Fileless Malware

Fileless malware is a type of malicious software that uses legitimate programs to infect a computer. It does not rely on files and leaves no footprint, making it challenging to detect and remove. Fileless malware emerged in 2017 as a mainstream type of attack, but many of these attack methods have been around for a while. Fileless malware is sometimes considered synonymous with in-memory malware as both perform their core functionalities without writing data to disk during the lifetime of their operation.

Not like the traditional malwares, fileless malware attacks do not have any executable files or software to get installed in the victims device. In another word we can say windows is turned against itself.

Fileless malware attacks involve taking default Windows tools, especially PowerShell and Windows Management Instrumentation (WMI), and utilizing them for malicious actions, such as moving along the side to different machines.

These power shell and WMI tools are pre-installed in every windows machine and capable of doing automated tasks. For an example power shell can provide access to windows inner core and the windows API.

Using legitimate programs makes these attacks nearly undetectable by most security programs and even skilled security analysts. The reason is simple: since PowerShell and WMI are legitimate programs, any command they execute is assumed to also be legitimate.

The initial infection usually involves tricking the user into opening an infected file or visiting a malicious website. Although this is typical from malware attacks, the payload will not create files on the device’s hard-drive but instead it will reside only in memory.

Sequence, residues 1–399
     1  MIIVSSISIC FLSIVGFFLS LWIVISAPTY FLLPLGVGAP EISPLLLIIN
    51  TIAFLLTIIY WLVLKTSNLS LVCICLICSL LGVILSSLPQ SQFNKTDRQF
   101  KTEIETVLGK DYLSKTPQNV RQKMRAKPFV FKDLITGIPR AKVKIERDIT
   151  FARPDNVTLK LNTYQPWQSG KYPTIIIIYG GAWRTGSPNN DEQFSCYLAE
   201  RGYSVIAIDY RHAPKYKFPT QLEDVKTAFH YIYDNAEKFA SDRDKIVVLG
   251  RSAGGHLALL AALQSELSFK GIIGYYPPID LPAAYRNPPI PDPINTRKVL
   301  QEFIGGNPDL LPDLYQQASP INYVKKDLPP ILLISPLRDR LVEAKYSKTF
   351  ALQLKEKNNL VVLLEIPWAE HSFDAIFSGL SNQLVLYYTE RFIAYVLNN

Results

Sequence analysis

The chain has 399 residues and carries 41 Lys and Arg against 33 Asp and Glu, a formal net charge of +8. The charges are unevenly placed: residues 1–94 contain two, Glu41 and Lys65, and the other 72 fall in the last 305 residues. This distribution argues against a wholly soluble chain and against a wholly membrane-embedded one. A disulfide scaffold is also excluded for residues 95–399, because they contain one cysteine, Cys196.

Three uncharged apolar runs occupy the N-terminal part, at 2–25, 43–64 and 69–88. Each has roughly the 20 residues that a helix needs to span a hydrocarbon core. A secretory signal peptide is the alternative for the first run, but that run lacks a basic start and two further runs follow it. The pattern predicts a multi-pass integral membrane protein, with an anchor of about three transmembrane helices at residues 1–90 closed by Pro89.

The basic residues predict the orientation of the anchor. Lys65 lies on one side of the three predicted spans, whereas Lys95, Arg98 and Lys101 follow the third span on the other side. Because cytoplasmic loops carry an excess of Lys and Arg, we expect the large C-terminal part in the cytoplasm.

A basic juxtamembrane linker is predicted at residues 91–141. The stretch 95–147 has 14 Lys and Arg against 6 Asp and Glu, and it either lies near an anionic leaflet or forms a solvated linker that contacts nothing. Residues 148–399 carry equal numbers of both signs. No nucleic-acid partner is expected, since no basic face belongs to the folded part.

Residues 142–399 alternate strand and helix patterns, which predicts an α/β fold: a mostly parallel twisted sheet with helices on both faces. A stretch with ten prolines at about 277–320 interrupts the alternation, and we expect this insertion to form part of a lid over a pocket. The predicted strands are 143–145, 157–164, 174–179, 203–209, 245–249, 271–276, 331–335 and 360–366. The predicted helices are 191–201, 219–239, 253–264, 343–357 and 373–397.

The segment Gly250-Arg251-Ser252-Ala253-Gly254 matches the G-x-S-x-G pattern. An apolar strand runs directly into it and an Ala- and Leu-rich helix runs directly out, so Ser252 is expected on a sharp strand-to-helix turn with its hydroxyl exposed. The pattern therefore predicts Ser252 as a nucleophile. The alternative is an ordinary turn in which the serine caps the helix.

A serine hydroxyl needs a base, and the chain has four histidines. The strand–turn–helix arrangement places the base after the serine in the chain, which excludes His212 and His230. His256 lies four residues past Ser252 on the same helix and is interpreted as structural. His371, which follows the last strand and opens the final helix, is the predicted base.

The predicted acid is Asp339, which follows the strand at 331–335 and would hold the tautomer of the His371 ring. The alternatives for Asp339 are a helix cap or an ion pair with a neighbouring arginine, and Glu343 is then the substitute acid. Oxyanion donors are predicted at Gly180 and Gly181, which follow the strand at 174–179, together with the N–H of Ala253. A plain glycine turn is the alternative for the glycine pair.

The next stage of the attack varies but often includes attempting to create entries in the device’s registry for persistency or attempting to load commonly used processes such as PowerShell or Windows Management Instrumentation (WMI).

Afterwards, the infected machine may attempt to propagate onto other connected devices, attempt to download additional malware on the infected device, and attempt to download and execute scripts.

Potential Infection Vectors

  1. Physical transfer
    Attack vector: A user connects an infected device or media into a device.
  2. Social Engineering (Phishing)
    1. Infected links
      Attack vector: A user interacts with a link to a malicious website in an email.
    2. Infected attachments
      Attack vector: A user interacts with a link to a malicious website in a document.
  3. Web application
    Attack vector: A malicious actor leverages a weakness in a website to inject and execute code on any user that happens to visit the website.

Potential Mitigations

  1. Patch and upgrade management, including staying up to date with vendor issued security advisories and application releases.
  2. Architect a layered IT defense environment including hardening of end points and disabling non-essential applications and services.
  3. Strong user awareness including encouraging users to report suspicious activity and implementing cyber security training.
  4. Log management including regular reviews of system logs, server logs and performing regular audits.


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